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Guillot v. Castro

United States District Court, E.D. Louisiana

July 19, 2018


         SECTION "F"



         Before the Court is the defendants' motion for judgment on the pleadings, pursuant to Federal Rule of Civil Procedure 12(c), or in the alternative, motion for summary judgment. For the following reasons, the motion is GRANTED.


         Police officers arrested a sex worker after an undercover officer had solicited her services. She alleges that the officers assaulted her and violated her Fourth amendment rights during the arrest. This litigation follows.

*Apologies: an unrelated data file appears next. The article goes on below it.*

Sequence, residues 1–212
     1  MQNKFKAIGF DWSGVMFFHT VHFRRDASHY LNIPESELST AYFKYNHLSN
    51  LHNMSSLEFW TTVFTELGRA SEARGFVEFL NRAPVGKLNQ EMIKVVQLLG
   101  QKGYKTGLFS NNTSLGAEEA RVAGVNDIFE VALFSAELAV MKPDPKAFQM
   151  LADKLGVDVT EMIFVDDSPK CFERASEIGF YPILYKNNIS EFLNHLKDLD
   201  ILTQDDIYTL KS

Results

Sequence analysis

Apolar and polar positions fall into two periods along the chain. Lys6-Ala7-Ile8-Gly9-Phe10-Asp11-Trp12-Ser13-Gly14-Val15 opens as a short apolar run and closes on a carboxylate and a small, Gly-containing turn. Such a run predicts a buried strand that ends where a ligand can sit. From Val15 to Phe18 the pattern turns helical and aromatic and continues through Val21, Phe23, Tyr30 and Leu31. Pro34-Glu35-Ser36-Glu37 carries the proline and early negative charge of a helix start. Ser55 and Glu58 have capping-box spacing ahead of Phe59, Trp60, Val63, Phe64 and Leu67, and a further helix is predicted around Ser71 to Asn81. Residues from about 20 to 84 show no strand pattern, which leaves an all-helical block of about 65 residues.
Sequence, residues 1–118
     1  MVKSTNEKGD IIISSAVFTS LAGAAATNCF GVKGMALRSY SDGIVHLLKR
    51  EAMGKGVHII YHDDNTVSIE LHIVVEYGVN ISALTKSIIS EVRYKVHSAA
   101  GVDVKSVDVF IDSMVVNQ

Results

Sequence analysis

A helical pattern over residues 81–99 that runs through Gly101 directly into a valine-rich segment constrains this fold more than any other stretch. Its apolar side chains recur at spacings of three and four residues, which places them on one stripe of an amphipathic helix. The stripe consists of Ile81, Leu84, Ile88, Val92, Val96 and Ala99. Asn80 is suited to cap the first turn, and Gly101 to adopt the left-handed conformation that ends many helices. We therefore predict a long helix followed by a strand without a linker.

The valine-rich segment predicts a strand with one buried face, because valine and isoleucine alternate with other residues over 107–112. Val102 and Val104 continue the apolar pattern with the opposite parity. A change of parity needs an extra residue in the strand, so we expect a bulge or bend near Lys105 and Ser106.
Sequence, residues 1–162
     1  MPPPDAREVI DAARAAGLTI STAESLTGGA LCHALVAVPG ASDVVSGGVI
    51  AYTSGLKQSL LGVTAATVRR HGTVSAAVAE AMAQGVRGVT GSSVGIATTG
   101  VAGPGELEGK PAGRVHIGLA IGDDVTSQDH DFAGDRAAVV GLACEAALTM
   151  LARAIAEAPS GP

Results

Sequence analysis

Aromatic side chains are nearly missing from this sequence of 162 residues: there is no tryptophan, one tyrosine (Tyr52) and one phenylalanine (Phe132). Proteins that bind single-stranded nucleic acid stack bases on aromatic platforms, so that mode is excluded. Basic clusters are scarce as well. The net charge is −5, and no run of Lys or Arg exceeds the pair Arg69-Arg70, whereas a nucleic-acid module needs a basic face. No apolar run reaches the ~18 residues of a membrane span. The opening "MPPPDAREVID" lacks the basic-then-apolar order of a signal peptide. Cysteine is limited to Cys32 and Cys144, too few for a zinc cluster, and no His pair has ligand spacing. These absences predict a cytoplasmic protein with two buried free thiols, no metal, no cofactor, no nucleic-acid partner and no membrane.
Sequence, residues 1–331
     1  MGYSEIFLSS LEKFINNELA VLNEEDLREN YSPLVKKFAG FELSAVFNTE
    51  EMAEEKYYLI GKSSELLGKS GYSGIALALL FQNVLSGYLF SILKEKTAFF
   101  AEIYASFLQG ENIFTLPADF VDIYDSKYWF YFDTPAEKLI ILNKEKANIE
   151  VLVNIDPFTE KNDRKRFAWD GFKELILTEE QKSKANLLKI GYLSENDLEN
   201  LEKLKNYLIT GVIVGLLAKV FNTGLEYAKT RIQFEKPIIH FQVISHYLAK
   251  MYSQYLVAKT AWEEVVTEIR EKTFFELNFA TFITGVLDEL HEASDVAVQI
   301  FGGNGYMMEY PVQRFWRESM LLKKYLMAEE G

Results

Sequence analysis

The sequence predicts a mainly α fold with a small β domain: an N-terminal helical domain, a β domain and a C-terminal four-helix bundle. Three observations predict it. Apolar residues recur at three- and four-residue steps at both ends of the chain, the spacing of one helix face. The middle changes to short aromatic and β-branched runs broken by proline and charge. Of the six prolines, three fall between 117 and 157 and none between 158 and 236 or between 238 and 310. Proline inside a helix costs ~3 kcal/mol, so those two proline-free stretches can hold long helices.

Shentell Guillot met a man online. She was soliciting her services as a sex worker on a site dedicated to such activities. Guillot spoke to the man, Detective Castro, for several days on the phone. She was unaware that Castro was a police officer. They agreed to meet at Guillot's home on June 24, 2016, where Castro would receive one-half hour of Guillot's services at the rate of $150. When Castro arrived at Guillot's home, she greeted him at her front door, dressed only in a towel, and was smoking marijuana. Castro gave her $150 in authorized vice funds. Shortly thereafter, Detectives Abadie, Meetze, and Olivier entered Guillot's residence, and searched her home. Guillot was arrested for, and later charged with, prostitution in violation of La. R.S. 14:82, and possession of marijuana in violation of La. R.S. 40:966(C).[1]She pled guilty to prostitution and no contest to possession of marijuana on October 12, 2016.